Day 26. By the time J Paul Getty was 26 he’d made a million bucks out of oil in Tulsa, and that was just the beginning. An Anglophile, he had gone to University at Oxford and then worked a hefty inheritance enough that at one time he was called “The richest man in the world”. How a man spends his money when wealthy is a good indication of the sort of man they would be if they weren’t. Some people like to spend on self aggrandisement, golden elevators, bling, vast phallic monuments to their own narcissism. Getty loved the ancient world, specifically the architecture of the Romans. He spent on beauty. On art. Particularly old art – pre nineteenth century for the most part. This makes for a really deep, really historically interesting, really valuable collection. Ancient art doesn’t depreciate. He was no fool. I cannot even contemplate the value of this. I wish I could afford the cheapest piece. And when he died he left it for the people. He once said “There’s no glory in being remembered as old moneybags.” So, seeking legacy, he gave an endowment and his collection to form a free museum in Los Angeles. As the tour guide says, almost with wonder “He gave us … considerably more than we were expecting.” It’s the richest gallery in the world. Funded by the richest trust in the world. And it’s gorgeous.
The property sits on a hillside overlooking the whole of Los Angeles. Because the city is mostly flat, any hill is commanding, and this hill is well placed. There’s a computer operated tram that takes you up the side. It’s like being back on the DLR. The site was carefully chosen and laboriously dug over years and the design is wonderful. Italian stone with glass panelling in beautiful lines. Parts of it make me think of Escher. There is a great deal that is unnecessary but beautiful. I love unnecessary beauty. The layout and the view are deliberately reminiscent of a giant Tuscan villa. And it’s flawlessly kept. The museum doesn’t want for anything. They don’t have to compromise and sacrifice maintenance of the grounds for maintenance of the collection. They have enough money to make both beautiful and keep it beautiful. And enough to keep it free for the public. Even the cafes are pretty affordable considering museum cafe prices. This is the other side of the oil industry, of money. This is wealth used well. This is legacy.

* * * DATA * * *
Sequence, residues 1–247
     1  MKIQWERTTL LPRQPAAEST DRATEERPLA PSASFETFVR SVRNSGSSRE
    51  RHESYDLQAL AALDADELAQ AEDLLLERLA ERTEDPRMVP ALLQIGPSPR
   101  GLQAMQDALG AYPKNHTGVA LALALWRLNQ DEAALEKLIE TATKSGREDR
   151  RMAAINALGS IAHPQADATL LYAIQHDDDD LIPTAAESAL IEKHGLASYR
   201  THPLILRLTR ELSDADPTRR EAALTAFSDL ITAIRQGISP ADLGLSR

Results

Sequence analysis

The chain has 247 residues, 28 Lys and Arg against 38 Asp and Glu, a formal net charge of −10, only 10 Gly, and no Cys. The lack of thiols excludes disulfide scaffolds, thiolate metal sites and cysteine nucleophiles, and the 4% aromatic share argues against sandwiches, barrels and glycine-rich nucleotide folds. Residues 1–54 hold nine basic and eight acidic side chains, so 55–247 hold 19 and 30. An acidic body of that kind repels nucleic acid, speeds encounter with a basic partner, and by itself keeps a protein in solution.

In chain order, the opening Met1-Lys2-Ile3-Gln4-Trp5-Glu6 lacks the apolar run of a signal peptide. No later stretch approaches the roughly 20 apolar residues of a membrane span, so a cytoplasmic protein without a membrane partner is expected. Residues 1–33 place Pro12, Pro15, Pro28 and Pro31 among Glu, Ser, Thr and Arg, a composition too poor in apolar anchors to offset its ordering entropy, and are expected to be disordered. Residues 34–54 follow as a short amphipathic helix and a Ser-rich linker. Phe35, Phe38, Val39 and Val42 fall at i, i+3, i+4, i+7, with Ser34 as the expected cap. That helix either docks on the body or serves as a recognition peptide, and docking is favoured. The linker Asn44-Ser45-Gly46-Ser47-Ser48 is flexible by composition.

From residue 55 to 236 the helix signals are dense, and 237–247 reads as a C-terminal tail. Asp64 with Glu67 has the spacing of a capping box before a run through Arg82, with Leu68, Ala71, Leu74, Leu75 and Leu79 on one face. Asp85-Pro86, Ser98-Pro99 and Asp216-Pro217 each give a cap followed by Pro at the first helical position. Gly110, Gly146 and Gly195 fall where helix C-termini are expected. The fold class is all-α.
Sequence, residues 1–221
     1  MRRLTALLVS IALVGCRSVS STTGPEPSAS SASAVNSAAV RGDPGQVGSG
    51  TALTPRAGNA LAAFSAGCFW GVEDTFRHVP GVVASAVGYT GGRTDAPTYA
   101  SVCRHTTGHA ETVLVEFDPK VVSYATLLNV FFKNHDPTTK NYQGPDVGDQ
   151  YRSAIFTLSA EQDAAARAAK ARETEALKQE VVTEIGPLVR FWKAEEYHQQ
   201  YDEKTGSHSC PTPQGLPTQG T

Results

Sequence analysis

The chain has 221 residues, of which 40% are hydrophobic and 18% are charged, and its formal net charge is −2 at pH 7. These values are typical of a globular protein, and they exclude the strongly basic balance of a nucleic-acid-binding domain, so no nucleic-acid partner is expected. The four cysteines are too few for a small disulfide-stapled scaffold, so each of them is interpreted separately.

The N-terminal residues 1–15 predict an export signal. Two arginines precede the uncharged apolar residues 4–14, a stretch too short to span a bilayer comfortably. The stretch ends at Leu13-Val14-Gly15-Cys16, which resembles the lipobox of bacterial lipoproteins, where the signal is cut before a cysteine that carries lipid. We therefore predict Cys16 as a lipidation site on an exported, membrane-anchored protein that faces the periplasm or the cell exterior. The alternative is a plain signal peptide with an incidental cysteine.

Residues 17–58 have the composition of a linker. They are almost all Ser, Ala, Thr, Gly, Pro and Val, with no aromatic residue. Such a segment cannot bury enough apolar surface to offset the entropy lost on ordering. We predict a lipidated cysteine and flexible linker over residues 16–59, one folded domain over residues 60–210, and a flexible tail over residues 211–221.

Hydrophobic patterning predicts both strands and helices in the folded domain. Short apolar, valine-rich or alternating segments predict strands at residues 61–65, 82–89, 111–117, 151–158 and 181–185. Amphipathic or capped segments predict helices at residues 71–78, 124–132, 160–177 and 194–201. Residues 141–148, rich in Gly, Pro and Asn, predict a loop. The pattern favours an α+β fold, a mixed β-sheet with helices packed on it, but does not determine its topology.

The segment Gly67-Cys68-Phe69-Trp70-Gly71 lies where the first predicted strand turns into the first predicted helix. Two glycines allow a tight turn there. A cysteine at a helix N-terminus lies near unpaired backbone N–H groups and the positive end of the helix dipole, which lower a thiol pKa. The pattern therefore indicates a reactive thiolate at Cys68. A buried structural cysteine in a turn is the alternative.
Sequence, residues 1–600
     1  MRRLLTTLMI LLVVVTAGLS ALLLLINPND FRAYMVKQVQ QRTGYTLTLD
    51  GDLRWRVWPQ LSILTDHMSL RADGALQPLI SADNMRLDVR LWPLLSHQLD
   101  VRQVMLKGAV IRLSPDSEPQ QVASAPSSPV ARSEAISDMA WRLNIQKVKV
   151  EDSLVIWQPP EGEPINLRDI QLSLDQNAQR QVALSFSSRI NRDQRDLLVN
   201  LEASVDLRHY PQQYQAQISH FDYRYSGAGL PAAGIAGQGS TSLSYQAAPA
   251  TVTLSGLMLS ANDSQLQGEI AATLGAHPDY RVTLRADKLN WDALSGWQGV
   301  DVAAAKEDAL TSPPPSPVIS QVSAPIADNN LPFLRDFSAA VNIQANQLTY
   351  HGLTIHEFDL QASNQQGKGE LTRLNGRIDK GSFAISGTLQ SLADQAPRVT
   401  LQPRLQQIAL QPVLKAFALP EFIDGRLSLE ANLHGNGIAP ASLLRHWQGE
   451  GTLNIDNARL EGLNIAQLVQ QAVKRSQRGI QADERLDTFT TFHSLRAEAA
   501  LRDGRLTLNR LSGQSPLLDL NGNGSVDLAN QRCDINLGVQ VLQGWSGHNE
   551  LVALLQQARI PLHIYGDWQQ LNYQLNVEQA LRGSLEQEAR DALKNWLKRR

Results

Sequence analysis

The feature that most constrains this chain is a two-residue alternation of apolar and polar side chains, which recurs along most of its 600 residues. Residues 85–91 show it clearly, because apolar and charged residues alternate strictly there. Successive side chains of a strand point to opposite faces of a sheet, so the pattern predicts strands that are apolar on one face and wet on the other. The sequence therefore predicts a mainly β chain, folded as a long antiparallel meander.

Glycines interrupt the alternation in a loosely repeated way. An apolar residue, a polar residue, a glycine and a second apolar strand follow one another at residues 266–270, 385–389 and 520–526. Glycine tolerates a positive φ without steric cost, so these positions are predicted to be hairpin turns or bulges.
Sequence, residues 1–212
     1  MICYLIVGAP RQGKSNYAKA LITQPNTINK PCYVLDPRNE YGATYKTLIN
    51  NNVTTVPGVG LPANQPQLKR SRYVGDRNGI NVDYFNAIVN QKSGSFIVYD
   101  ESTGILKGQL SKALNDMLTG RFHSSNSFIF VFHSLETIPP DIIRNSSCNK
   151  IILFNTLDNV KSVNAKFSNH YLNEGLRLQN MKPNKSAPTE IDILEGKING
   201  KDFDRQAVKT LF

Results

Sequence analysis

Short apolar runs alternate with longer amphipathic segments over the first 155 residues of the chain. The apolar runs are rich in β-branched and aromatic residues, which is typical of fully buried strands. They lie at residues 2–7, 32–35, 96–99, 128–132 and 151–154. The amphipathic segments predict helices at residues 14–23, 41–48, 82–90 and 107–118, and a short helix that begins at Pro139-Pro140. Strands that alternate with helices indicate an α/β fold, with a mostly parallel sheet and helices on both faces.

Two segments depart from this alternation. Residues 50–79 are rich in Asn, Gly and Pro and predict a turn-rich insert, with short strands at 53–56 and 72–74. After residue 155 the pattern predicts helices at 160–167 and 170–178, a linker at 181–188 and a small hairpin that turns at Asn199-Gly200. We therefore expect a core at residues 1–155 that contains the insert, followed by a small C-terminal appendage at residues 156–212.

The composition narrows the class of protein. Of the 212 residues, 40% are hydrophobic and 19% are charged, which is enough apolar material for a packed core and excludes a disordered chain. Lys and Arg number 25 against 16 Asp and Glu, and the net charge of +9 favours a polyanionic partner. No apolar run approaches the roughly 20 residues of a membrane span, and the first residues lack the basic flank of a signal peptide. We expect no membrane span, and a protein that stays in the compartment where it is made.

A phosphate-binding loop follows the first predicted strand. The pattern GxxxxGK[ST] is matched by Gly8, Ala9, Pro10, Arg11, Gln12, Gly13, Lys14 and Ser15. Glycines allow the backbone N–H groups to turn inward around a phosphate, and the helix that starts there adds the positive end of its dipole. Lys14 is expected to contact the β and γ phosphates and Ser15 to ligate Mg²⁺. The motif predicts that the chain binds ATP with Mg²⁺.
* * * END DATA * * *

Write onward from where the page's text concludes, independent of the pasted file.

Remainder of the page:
I often shiver at the thought of lost masters in bank vaults or in underground private collections. It’s great to see so many on display here. Turners, Rembrandts, Titians, a Van Gogh – so many of the greats – all housed in this beautiful place. A journey through art history. And thought beautiful old furniture. And through illuminated manuscripts. There’s an exhibition on alchemy, and I wish I had been to it the day before I went to the escape room rather than the day after. There are so many beautiful books of ancient knowledge. How much more civilised to have a Romanesque villa filled with the wonders of the ancient world than to have a load of huge towers full of gold with your name on. The dude had a pet lioness. A bison. Loads of dogs. A bear. I thought only Byron had a bear! Nope. Getty seems like he was a thoroughly brilliant human being. I’d have been mates with him.
I find myself dreaming about having a collection like this in a property like this. I’d have a load of rooms as well for artists to come and live in so they could be surrounded by lovely things and have the headspace to make something glorious. There’d be a working theatre and a working art studio and equipment to make films. All I’d need is a bunch of oil fields and a time machine. Actually all I’d need is a time machine. Get me that time machine.
I’ll be back at this place for sure. It’s serene, and there is so much to see. It’s welcoming. And after my strange feelings to do with the oil industry confronted with those pumps the other day, I’m happy to see so many glorious things assembled in such a lovely place because of it. Getty died in England – the old world for him. His legacy is sparkling, beautiful and important, and it feels like he understood the art he owned, rather than just collecting it for the sake of it. If only all rich men in the public eye these days had such desire to preserve and protect the old world, to welcome beauty, to encourage creativity, and to bring and nurture sensitivity.
And there’s a Moore in the garden… Not Getty’s. A donation from the Starks, apparently…